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The Big Egg Hunt presented by Fabergé saw over 200 beautifully painted and decorated egg sculptures placed all over central London from 21st February until the Easter weekend. All the two and a half foot eggs were hidden around 12 Egg Zones, encouraging all of London to participate in what was set to break the Guinness World Record for the most people participating in an Egg Hunt! 

The Big Egg Hunt hoped to raise over £2million for the charities Elephant Family and Action for Children, as hunters text messaged the unique keyword for every egg they found, entering the competition for the chance to win The Fabergé Diamond Jubilee Egg. Hunters also collected their eggs to Facebook by checking in to each egg they found. All the eggs were for sale and were auctioned at a live event by Sotheby’s and a grand online auction.



The Open West was an annual open competition and exhibition inviting work from national and international artists practising contemporary and conceptual art in the fields of painting, installation, film and sound, textile, photography, ceramics, print, drawing, performance and sculpture.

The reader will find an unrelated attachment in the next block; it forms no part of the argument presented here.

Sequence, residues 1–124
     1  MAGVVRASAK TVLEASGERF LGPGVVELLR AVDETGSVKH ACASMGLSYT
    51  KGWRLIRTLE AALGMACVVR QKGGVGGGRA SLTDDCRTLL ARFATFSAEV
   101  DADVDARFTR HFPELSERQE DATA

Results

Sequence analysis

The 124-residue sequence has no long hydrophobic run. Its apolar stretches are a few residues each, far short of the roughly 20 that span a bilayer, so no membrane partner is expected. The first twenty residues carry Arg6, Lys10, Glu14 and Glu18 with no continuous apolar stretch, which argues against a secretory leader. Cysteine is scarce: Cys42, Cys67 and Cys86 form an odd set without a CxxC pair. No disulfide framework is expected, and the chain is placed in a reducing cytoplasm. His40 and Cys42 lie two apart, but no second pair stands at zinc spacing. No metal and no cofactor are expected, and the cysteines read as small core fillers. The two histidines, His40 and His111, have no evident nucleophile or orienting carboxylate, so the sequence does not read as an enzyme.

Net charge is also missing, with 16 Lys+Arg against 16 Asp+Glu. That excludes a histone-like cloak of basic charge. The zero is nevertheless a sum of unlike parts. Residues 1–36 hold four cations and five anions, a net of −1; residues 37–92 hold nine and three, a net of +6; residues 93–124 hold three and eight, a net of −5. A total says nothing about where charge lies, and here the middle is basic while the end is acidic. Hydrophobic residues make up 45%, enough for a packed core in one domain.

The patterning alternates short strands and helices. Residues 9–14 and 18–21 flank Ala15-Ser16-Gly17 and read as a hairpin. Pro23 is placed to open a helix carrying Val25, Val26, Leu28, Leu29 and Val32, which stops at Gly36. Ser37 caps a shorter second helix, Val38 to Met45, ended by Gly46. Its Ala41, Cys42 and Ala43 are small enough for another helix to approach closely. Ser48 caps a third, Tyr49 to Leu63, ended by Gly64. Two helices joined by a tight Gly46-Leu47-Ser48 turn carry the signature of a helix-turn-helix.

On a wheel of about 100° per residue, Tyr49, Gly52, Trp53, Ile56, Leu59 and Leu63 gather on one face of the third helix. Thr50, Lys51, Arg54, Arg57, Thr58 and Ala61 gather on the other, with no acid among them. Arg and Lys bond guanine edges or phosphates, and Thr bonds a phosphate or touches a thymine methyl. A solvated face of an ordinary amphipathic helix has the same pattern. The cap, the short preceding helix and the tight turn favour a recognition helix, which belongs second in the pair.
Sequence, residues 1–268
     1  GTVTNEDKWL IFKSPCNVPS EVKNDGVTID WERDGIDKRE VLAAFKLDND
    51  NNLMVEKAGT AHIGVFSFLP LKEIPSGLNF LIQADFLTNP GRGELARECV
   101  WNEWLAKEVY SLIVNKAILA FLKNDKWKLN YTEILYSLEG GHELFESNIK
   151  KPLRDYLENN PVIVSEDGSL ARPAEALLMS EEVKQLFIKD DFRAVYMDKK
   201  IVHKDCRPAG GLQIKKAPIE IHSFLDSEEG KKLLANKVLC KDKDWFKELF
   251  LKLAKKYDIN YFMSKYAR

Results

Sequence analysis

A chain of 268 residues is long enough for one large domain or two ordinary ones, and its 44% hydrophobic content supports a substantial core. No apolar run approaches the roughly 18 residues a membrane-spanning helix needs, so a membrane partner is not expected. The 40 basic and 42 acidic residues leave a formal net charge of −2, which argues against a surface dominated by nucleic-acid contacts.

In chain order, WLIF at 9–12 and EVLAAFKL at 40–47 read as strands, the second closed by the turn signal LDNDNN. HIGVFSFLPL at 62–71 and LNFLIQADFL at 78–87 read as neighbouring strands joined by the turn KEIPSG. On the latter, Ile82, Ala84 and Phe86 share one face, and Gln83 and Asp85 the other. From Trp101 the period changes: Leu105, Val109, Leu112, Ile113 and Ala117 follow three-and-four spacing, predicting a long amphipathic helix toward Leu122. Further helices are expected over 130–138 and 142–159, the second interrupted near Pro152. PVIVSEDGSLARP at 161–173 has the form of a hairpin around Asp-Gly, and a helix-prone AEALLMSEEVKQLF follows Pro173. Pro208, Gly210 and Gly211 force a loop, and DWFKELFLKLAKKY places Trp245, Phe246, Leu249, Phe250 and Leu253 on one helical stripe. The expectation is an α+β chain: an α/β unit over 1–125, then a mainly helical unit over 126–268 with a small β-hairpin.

Work was shown throughout the interior, the cloisters, the crypt and the internal gardens of this important site which has a reputation for showing ambitious contemporary work. The Open West exhibition was the first of its kind to show work of such diversity of medium and scale at the Cathedral. This predominantly secular exhibition, while remaining sensitive to its medieval setting, offered an opportunity to show work in a compelling way that opened new dialogue between the artist, the audience and the space.

2012 selectors - Daniel Chadwick, Iain Andrews, Lyn Cluer Coleman and Sarah Goodwin.

british-ish V&A Museum Sept 2011

Haruka's work was featured in an exhibition which showcased the highlights of the UAL design graduates.  The exhibition was curated by fashion designer Giles Deacon and showcased at the Victoria and Albert Museum in London.

The museum received over 99,000 visitors during the 9 days of the festival.  This was more than ever before, which was seen as a testament to the high standard of the work exhibited.



This was one of Haruka's final pieces from her graduation show.  The idea of her work was based on life cycles in nature.  Her aim was to highlight new aspects in sustainable design and look at how we can develop more ways to extend the life cycle of the materials we use.

Haruka rescued materials from the bin and gives them a second life.

The music was made from a combination of sounds; noise of fabric samples, various types of plastic packaging, traditional musical instruments and sounds of nature.